In response to growing concern about problems with its F-22 Raptor fighter jet, the Air Force revealed it has slapped on new safety restrictions to protect its pilots.
The announcement came as Sen. Mark R. Warner, D-Va., and Rep. Adam Kinzinger, R-Ill., Friday requested additional information from the secretary of the Air Force to further determine the scope of safety concerns raised by several pilots of the world's most expensive fighter jet, designed and built by Lockheed Martin Corp.
The Air Force acknowledged last week that some of the nation's top aviators are refusing to fly the radar-evading F-22, a fighter jet with ongoing problems with its oxygen systems that have plagued the fleet for four years.
"The health and safety of our pilots -- all of our pilots -- is the utmost priority," said Brig. Gen. Daniel O. Wyman, an Air Force command surgeon. "Our operational flight surgeons and medical staff interact with our pilots on a daily basis, and mission No. 1 is their health and safety."
The comments, posted on the Air Force's website, were meant to address the growing attention directed at the safety of the F-22. Concerns have grown in recent months as no clear explanations have emerged for why pilots are reporting hypoxia-like symptoms in the air. Hypoxia is a condition that can bring on nausea, headaches, fatigue or blackouts when the body is deprived of oxygen.
The F-22 is considered the most advanced fighter jet in the world. It entered military service in 2005, and the Air Force received the last of its order of 188 planes last week.
The plane can reach supersonic speeds without using afterburners, enabling it to fly faster and farther. It's also packed with cutting-edge radar and sensors, enabling a pilot to identify, track and shoot an enemy aircraft before that craft can detect the F-22. The Air Force says the aircraft is essential to maintain air dominance around the world.
According to the Air Force, each of the sleek, diamond-winged aircraft costs $143 million. Counting upgrades and research and development costs, the U.S. Government Accountability Office estimates each F-22 costs taxpayers $412 million.
While other warplanes in the U.S. arsenal have been used to pummel targets in Iraq, Afghanistan and Libya, the Air Force's F-22s have sat largely idle -- used only in test missions. Even so, throughout the jet's development, F-22 pilots have been in seven serious crashes, resulting in two fatalities.
Over the years, F-22 pilots have reported dozens of incidents in which the jet's systems weren't feeding them enough oxygen, causing wooziness. This issue led to the grounding of the entire F-22 fleet last year for nearly five months. But even after the grounding was lifted, the Air Force said investigators could not find a smoking gun.
The Air Force lifted the grounding last September. When that happened, Wyman revealed this week, the Air Force put all F-22 pilots through retraining so they would know their own specific hypoxia symptoms. It also affixed a device to pilots' fingers that measures the amount of oxygen in the blood while they are in the cockpit.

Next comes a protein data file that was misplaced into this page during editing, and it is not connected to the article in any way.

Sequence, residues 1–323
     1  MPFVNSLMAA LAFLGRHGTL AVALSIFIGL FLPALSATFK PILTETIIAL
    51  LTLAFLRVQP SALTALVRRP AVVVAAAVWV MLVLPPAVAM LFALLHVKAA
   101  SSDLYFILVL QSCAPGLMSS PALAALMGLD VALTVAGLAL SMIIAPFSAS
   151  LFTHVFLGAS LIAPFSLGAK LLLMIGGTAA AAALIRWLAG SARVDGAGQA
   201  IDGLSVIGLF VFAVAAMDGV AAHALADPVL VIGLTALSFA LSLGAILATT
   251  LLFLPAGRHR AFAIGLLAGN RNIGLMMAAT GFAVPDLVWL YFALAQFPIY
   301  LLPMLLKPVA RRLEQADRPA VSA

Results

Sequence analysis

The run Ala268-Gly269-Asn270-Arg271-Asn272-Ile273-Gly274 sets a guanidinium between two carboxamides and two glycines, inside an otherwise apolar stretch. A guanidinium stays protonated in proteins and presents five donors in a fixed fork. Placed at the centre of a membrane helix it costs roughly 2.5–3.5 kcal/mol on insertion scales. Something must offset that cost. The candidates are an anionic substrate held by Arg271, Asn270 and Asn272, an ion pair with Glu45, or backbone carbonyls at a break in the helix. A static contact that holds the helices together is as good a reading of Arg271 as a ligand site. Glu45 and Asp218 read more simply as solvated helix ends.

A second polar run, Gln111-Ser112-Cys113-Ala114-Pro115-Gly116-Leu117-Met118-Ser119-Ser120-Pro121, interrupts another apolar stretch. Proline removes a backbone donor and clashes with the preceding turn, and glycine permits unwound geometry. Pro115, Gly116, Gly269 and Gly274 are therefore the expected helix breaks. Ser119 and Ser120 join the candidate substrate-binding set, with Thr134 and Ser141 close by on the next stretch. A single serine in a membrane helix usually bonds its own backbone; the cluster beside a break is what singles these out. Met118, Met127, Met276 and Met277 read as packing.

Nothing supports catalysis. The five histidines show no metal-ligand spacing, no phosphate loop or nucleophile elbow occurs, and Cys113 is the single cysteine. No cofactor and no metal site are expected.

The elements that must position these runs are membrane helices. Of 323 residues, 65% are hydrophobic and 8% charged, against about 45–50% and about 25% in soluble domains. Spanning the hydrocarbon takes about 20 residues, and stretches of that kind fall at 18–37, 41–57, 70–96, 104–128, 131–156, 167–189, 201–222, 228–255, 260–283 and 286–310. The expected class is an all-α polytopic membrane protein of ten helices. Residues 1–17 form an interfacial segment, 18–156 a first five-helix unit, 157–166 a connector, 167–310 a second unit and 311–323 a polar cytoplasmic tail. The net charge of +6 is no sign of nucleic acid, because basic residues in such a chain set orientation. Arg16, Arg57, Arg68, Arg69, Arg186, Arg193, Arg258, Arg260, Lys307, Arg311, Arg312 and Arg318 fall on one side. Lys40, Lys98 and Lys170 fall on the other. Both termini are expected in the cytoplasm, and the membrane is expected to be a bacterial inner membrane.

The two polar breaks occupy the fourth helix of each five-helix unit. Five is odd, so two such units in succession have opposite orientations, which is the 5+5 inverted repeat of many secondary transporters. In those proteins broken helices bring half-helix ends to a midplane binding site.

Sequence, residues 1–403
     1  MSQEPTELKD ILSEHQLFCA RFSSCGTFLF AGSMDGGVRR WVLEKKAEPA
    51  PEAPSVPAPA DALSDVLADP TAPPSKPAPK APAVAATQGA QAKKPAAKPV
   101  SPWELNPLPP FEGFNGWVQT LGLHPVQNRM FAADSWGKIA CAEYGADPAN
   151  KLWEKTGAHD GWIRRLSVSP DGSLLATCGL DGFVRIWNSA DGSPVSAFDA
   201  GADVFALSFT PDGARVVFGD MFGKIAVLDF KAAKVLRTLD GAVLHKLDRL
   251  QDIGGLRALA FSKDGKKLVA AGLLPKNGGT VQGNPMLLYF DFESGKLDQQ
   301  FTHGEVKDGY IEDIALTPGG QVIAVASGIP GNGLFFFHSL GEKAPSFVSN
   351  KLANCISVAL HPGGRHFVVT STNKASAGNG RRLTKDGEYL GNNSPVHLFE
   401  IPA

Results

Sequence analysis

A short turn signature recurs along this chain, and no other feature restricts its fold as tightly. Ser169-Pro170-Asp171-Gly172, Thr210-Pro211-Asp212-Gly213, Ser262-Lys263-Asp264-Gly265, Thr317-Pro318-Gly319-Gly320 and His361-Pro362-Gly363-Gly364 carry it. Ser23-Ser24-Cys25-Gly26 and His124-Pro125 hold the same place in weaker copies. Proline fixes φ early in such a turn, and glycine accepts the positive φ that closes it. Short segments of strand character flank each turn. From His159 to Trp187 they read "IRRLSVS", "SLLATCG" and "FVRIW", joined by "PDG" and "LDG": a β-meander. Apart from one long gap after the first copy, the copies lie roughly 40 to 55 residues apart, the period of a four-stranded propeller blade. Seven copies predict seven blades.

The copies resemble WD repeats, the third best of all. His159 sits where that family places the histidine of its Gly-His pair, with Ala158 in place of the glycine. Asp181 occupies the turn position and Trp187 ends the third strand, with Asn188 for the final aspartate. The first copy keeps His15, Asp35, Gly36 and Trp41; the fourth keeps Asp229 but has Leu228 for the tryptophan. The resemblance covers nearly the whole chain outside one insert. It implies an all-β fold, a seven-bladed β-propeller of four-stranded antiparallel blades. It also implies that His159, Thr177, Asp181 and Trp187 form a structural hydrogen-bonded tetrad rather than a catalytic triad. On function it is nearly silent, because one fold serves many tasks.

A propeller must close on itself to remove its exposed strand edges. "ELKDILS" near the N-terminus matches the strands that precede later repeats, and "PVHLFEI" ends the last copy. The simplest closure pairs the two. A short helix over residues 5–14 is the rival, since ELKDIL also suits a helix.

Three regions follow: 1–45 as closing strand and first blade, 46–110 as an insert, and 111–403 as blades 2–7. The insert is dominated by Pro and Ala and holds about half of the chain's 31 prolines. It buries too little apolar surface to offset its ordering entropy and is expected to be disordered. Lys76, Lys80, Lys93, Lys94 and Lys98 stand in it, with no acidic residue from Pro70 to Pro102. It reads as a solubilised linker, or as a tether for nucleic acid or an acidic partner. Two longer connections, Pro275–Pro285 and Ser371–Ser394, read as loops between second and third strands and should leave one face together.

The Air Force also added a high-efficiency particulate air filter consisting of activated carbon and charcoal, Wyman said.
"It was cleared for flight use by the U.S. Air Force program office and has been used by the military for over a decade in the ground crew and aircrew ensembles," he said.
At the end of each flight, pilots turned in the filters to be examined by Air Force personnel.
Black dust was found in some of the breathing hoses.
"We analyzed it and found it to be activated carbon dust ... an inert or nonreactive compound that has been used for air and water filtration for decades without any significant evidence of harm," Wyman said. The dust was "well below the industrial hygiene standard levels set by government agencies," he said.
In addition, Wyman revealed, the Air Force conducted throat swabs of F-22 pilots, and those indicated no evidence of harmful substances. Even so, pilots reported persistent coughing, which they call the "Raptor cough."
"Coughing is a natural physiologic response that serves to re-inflate the air sacs," Wyman said.
Last Sunday, two F-22 pilots appeared with Kinzinger on CBS' "60 Minutes" to discuss reasons why they refused to fly the jet.
At the risk of significant reprimand -- or even discharge from the Air Force -- Virginia Air National Guard Capt. Joshua Wilson and Maj. Jeremy Gordon said they would not fly the F-22 until the oxygen problems were solved.
Since the segment aired, other pilots have contacted Sen. Warner of Virginia, which is home to one of the seven military bases where F-22s are based.
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"After meeting with these pilots, and having conversations with many other knowledgeable individuals, we would recommend an immediate, confidential and anonymous safety survey of all active duty and reservist F-22 crews, pilots and flight surgeons to definitively document the scope and frequency of these hypoxia-like incidents," Warner and Kinzinger wrote in a letter to Air Force Secretary Michael B. Donley.
"It is our view that such a survey could be initiated within 10 days, and our offices would expect to receive timely updates both on the survey methodology and the results shortly thereafter."
The Air Force did not reveal how many of its 200 F-22 pilots had declined to fly the jet.
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